Friday, December 22, 2017

Forgotten Books: The Christmas Kill - Nick Carter (Joseph L. Gilmore)


I started reading the Nick Carter, Killmaster books when I was a freshman in high school. My first one was HANOI, and the blend of sex, violence, and international espionage had me grabbing up every book in the series I could find for the next several years. I didn’t really burn out on them until I was in college, and even after that I would read one now and then.

With Christmas coming up, I thought it might be appropriate to read a Nick Carter novel I’d never read, THE CHRISTMAS KILL, published in 1983. In this one, our hero, Agent N3 (with the Killmaster designation) for the super-secret government agency AXE, is sent to Japan by his boss, David Hawk, because an old friend of Hawk’s has asked him to investigate what appears at first to be a case of industrial espionage and sabotage. It seems that someone has blown up part of a factory that’s making toy robots to send to the United States for the Christmas toy rush, and the owner of the company blames a competing American-owned firm. However, as soon as Nick arrives in Japan, people start trying to kill him, so it doesn’t take him long to figure out that there’s more to this case than what it seems.

And honestly, if you can’t figure out everything that’s going to happen in this book, you’ve never read any secret agent novels or seen any movies in the genre. It all plays out exactly like you’d expect . . . which isn’t always a bad thing. I got a considerable amount of nostalgic pleasure out of reading this one, even though it’s a pretty minor entry in the series. I enjoyed it enough I might read some of the others I never got around to reading before.

When I starting reading these books, I had no idea who was writing them, of course. But I figured out that there had to be multiple authors and I already kind of knew what a house-name was. By now, most, maybe all, of the Nick Carter novels have been attributed to their actual authors. THE CHRISTMAS KILL, for example, was written by someone named Joseph L. Gilmore, who wrote eight Nick Carters as well as at least one suspense novel and one horror novel under his own name. His style is very straightforward, nothing fancy about it, but despite the thin plot he keeps things moving along at a fairly nice pace. This book is from the era when the books were written in first person, and I’ve always been fond of those. (The series is divided into three eras: third person narration and the hero referred to as Nick; the first person books; and then back to third person, with the hero usually referred to as Carter. I like the first two eras the best and never warmed up to the more impersonal later books.)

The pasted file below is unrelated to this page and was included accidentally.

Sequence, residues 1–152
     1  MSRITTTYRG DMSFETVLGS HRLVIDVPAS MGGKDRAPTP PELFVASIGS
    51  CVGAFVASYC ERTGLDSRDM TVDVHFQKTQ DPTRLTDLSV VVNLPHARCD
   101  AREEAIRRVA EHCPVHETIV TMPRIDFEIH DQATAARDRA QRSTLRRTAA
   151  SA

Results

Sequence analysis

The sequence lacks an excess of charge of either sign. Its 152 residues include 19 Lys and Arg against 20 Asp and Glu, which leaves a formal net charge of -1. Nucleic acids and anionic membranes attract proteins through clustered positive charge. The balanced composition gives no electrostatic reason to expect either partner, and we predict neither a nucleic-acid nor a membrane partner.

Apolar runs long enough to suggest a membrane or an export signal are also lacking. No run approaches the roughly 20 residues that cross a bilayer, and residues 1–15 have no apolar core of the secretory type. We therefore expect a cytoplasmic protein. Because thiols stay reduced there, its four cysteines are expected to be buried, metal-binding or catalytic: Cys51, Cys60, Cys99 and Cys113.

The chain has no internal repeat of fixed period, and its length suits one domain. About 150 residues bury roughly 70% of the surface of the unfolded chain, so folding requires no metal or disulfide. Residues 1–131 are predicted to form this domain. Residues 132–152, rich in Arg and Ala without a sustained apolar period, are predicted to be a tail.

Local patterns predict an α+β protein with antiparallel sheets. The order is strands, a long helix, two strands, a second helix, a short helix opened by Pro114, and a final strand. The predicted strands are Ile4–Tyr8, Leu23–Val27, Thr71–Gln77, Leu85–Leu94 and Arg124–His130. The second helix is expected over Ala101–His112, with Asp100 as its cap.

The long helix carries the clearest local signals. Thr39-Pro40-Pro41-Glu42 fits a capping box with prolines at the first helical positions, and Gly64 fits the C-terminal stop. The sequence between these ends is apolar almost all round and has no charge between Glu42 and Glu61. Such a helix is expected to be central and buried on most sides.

A number of my friends wrote Nick Carter novels over the years, and I tried to sell one myself, wrote several chapters and an outline for it, long since lost. But I remember the title I put on it: THE MONDRAGO STRIKE. Don’t ask me anything else about it, but I still like the title and think it sounds like it would have made a pretty good Nick Carter.

5 comments:

S. D. Parker said...

I've never read a Carter book, but the name of his boss triggered something: Is David Hawk the lead character in that series of book about Hawk?

George said...

Like you, I started reading Nick Carter in my youth. I'd buy them whenever they showed up at a used bookstore or thrift store. Now, they've disappeared from such places. But they're still available online.

James Reasoner said...

Scott,
No, there's no connection between this series and the Hawk series, other than the fact that the guy who did the Hawk series, Dan Streib, also wrote a few Nick Carters, I believe. But the characters are completely different.

George,
I still come across Nick Carters in used bookstores, but nowhere near as many as I used to. I have a pretty good stack of unread ones. Whether I'll ever get around to reading more than a few of them is debatable, but I'm glad I have them.

Jeffrey Meyerson said...

Of course, Bill Crider's first published book was a Carter, THE COYOTE CONNECTION (1981), which anticipated the Donald Trump obsession by a generation! A group of Middle East terrorists tries to slip across the border at Brownsville, Texas with the "masses" of illegal immigrants.

Timely today!

Charles Gramlich said...

I've got a quite a few of the older ones around here but don't often read one.